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One Important Way You Can Help Your Book Publicist

[1]As your book’s publication date approaches, it’s natural to turn to the pros involved in its promotion — your in-house publicist, the independent PR firm you’ve hired, or both — and ask:

“What can I do to help?”

After all, there is so much to do! And participating in the process can bring a sense of having an iota of control over this overwhelming and frankly, often quite frightening, journey.

In truth, there are a million things you could do. But while it might make you feel good to get hands-on with this project, many things might not actually help. Reaching out to every distant friend or connection who knows somebody at a magazine or TV station to ask if they can cover your book, to cite just one example, won’t help much at all, because those efforts are not well-targeted.

There are also a number of things you should be doing no matter what, such as staying on top of your social media (Instagram in particular is becoming the new it place for book promo) and organizing a launch event.  But while these are all good for your book’s visibility, they don’t directly help your publicists with their job.

So what does?

Lately my team and I have been noticing a trend that’s given us one clear ask of our authors. Fewer and fewer people in the media are actually reading the books we send them.  I know, it’s disappointing. But people in the media only have so many hours in the day, just like the rest of us. And more often than not, they have a whole stack of books for review on their desk. Getting to your book might feel urgent to our team and to you, but for the reporter, it’s just another multi-hundred page reading project they need to undertake.

From our perspective, it doesn’t matter very much whether they actually read. What’s most important is that they provide coverage of your book for the world to see. 

That’s where we use our back-pocket trick: we send the reporter, editor or interviewer an easy-to-digest  chapter-by-chapter summary of your book.

A summary makes it much easier for our media contacts to move forward with coverage, and to do so sooner rather than later.  (Later can be up to a year or more…)  It also makes it harder for them to come up with excuses not to. This gives your book a huge advantage over all the others in journalists’ “to-read” piles.

Since you are more qualified to write a summary of your book than anybody else, this is an area where you can really help. Not to mention that it’s a task you’re likely to enjoy. 

Perhaps you’ve already done a chapter-by-chapter synopsis for agents. If so, you’re ahead of the game, and it might be all your publicist needs. If not, here are my tips for creating it:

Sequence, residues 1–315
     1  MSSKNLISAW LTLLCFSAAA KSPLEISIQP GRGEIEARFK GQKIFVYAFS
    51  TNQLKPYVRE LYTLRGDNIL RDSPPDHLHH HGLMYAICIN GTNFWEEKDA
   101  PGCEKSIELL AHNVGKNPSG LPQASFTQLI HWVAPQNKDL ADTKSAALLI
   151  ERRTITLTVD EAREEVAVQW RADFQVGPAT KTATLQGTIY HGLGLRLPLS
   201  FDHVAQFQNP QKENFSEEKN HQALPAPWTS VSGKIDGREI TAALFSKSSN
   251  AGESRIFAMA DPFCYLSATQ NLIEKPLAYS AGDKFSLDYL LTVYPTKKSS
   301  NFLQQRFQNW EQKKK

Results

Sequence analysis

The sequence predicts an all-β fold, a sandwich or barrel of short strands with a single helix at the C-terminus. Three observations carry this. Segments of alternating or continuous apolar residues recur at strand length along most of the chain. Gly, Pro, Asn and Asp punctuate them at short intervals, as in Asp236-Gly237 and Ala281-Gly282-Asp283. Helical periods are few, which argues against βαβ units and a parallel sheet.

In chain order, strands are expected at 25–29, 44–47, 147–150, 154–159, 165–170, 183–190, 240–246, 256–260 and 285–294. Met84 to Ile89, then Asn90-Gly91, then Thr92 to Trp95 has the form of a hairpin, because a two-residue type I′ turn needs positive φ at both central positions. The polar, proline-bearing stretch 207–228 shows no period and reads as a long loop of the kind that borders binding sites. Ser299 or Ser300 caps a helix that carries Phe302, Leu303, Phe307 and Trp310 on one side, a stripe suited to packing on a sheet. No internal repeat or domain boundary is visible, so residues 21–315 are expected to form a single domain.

Keep it short
Think of this as a snapshot of the book, with each section being a snapshot of a chapter. The overall length should be no more than 3 pages. Each chapter’s individual synopsis should be about a paragraph. In both cases, shorter is fine too.

Capture each chapter’s essence
This is far more important than length. Use broad brush strokes to describe each chapter’s tension and outcomes. What is the underlying conflict? What important changes take place and / or what lessons are learned? How does the story move forward in this chapter?

Avoid mentioning too many characters
Stick to the MC and one or two key others at most. Secondary characters will dilute the impact of a synopsis.

Drop the plot details and description
Though it’s tempting, don’t include detail about plot twists and turns: the summary will become crowded and confusing. The same can be said for descriptions of setting, physical appearances and action sequences. Remember: it’s the essence that counts.

I know how hard it is to imagine anybody digesting a mere summary of your book rather than reading it cover to cover. But again, reporters are not your target readers. They are just a conduit to reach potential readers. There are also some people, such as book reviewers, who will read the full book.

Since we can’t change the fact that those individuals are increasingly rare, let’s help out instead.


Have you written a chapter by chapter synopsis or summary? How’d that go? Have you received media coverage from people who didn’t read your book? Let’s hear about it!

About Sharon Bially [2]

Sharon Bially (@SharonBially [3]) is the founder and president of BookSavvy PR [4], a public relations firm devoted to authors and books. Author of the novel Veronica’s Nap [5], she’s a member of the Director's Circle at Grub Street, Inc., the nation’s largest independent writing center, and writes occasionally for the Grub Street Daily.